Twenty Tips from Published Writers (That They Wish They'd Known Earlier!)
By Katrin Schumann
The best advice comes from people who have been in the trenches. Battled the highs and lows, enjoyed successes and perhaps been disappointed--or delighted--by the unexpected.
I recently asked some of my writer colleagues, friends, clients and former students--all now published--for advice they wish they'd known before launching into the process. Here are the top twenty tips:
- Deadlines are gods; it's the best thing a publisher does for you, other than actual publication of course.
- Hire local grad students to help with research - it will go much faster and you need to bounce your ideas off other brains to hone them...working alone is never a good idea in this biz… and the students will be eager and grateful for the work.
- Don't get discouraged when a pitch fails...it took 20 pitches for my first book to get in...rejection doesn't correlate with the value of your work.
- Always talk to other writers. Connections made at Grub changed how I saw things and helped me believe in myself as a writer - and develop my identity as keynote speaker (they go together frequently, I've learned).
- "You miss 100% of the shots, you don't take!" I love that quote by Wayne Gretsky!
- I wish I had known more about all of the fellowships available for nonfiction writers and applied for several fellowships before starting on my book. Some examples (all of these are highly competitive, but my theory is to keep trying):
- Nieman Fellowship for journalists. I'm told you should apply repeatedly.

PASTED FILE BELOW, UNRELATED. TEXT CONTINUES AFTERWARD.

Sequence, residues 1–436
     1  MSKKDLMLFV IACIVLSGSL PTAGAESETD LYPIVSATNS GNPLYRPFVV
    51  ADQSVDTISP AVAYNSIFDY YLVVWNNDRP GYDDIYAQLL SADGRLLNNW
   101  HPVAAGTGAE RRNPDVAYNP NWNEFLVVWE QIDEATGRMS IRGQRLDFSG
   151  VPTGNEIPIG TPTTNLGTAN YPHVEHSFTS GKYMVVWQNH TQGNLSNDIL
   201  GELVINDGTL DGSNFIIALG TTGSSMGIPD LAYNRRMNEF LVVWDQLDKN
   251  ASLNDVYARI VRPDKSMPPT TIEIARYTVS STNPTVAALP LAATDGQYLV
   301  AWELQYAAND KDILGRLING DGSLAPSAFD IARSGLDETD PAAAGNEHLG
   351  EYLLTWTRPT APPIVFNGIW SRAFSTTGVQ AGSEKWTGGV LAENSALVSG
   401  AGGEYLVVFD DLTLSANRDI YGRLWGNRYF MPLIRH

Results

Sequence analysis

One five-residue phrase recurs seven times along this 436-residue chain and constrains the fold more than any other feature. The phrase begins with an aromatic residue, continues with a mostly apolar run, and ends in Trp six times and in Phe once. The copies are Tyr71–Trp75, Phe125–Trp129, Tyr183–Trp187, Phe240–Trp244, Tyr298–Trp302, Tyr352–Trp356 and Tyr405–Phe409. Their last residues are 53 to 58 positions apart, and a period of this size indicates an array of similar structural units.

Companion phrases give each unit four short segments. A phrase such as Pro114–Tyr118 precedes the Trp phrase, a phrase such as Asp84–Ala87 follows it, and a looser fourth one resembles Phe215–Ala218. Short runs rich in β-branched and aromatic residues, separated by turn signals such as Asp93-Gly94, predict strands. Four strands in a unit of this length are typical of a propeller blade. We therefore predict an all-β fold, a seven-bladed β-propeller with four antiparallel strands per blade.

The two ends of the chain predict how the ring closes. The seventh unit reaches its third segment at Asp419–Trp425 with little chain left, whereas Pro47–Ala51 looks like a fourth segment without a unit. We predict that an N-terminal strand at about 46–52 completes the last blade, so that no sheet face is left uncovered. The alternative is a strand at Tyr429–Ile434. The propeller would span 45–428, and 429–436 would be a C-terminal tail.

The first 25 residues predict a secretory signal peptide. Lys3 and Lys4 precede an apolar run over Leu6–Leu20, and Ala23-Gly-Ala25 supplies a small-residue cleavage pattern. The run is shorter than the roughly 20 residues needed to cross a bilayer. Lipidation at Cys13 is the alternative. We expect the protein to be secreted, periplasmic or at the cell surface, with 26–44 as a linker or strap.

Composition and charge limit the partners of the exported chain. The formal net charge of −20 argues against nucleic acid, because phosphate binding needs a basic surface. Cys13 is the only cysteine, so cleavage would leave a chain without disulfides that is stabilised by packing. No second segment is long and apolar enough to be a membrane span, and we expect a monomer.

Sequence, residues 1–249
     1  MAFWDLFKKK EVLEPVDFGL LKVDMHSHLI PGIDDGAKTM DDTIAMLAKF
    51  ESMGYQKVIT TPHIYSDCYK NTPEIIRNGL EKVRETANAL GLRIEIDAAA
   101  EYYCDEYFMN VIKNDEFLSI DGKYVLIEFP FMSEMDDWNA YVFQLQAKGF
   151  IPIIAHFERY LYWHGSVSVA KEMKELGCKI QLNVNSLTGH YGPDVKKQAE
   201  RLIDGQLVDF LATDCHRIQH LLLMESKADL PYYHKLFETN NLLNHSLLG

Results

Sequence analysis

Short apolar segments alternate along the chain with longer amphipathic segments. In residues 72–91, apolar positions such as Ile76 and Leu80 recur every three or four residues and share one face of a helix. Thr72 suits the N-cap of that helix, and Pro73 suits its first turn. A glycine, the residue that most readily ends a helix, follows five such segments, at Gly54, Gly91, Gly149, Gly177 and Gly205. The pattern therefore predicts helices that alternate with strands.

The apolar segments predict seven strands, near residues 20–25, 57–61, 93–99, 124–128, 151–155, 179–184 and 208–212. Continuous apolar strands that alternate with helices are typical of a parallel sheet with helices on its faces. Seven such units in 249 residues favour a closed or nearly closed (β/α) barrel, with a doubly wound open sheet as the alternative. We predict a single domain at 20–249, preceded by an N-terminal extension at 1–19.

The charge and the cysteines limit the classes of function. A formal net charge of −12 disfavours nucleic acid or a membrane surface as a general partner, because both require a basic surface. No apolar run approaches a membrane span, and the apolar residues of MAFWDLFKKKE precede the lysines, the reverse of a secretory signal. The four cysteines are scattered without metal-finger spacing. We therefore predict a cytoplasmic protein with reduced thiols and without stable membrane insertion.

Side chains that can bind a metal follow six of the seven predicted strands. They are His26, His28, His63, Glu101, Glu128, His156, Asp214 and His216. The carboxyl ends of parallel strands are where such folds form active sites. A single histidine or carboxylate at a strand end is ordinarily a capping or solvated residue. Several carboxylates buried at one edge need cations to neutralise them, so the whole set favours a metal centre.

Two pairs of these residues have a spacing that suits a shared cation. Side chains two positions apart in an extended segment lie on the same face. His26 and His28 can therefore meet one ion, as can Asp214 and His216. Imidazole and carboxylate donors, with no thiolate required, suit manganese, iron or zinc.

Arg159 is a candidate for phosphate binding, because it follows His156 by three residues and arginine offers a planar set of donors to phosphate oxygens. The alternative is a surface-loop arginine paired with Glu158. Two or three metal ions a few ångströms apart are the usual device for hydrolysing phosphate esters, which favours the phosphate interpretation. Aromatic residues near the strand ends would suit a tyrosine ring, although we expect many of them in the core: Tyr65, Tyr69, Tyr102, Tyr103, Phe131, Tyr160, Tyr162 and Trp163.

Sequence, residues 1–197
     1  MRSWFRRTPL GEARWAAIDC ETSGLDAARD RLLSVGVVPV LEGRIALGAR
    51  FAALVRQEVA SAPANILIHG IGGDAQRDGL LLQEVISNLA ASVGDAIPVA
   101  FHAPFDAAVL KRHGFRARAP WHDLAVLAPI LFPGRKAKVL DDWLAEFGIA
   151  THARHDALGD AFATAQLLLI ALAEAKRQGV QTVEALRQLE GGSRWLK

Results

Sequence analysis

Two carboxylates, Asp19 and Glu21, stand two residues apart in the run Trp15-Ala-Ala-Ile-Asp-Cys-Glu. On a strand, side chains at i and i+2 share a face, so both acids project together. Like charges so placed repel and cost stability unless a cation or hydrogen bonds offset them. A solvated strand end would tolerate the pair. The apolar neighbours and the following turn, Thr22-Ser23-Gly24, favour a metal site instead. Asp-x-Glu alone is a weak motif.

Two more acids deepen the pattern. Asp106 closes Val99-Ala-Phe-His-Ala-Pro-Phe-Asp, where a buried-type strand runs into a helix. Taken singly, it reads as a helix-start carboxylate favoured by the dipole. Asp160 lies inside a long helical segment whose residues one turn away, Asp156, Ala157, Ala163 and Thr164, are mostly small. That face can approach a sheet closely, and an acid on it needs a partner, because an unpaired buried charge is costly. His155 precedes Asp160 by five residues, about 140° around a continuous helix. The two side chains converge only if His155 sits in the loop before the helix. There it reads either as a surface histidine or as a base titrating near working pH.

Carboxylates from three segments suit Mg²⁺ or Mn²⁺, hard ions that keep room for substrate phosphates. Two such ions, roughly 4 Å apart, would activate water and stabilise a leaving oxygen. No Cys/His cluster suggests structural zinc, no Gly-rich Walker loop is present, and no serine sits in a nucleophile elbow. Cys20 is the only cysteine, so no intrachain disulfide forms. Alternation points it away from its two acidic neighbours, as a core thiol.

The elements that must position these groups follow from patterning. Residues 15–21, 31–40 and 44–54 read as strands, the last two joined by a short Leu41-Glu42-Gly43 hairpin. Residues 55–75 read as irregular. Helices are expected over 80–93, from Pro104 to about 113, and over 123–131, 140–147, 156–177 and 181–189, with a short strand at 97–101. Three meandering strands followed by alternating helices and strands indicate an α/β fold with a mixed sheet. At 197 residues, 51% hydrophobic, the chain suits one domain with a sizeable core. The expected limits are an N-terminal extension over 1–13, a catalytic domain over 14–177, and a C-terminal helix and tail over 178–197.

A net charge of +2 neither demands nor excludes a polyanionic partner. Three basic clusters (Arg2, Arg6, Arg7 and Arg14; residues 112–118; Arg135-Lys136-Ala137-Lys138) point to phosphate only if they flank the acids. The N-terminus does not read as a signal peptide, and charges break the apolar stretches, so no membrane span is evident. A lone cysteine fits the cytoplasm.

- Radcliffe Fellowship, open to nonfiction writers and others.
- Lukas prizes
- Guggenheim; NEA; Shuster at Brandeis
7) I didn't realize how much things would evolve later, after the proposal. It just helps to know what a proposal really is and that you have flexibility to make dramatic changes down the line.
8) One thing that really helped me: An author friend told me to think of each chapter as a magazine piece in a way so I didn't get overwhelmed by the idea of writing a 'whole' book. I still thought of the chapters as connected to each other, but writing one piece at a time really helped!
9) I didn't fully understand that my "final draft" was still a work in progress. After signing with an agent, I worked on my novel for another year. After getting a publishing deal, I worked on it again, for almost another year. I learned that this doesn't mean it wasn't good in the first place, it simply means it could get better. And I wanted to write the very best book I possibly could.
10) Network, network, network. I always advise this, but it's just as key with nonfiction books. The more people you connect with related to your book topic, the better. They can be other authors. They can be scholars, etc, or heads of organizations. It helps to prove to a publisher that there will be people out there eager to blurb your book and to buy it - and to even use it in their college classes.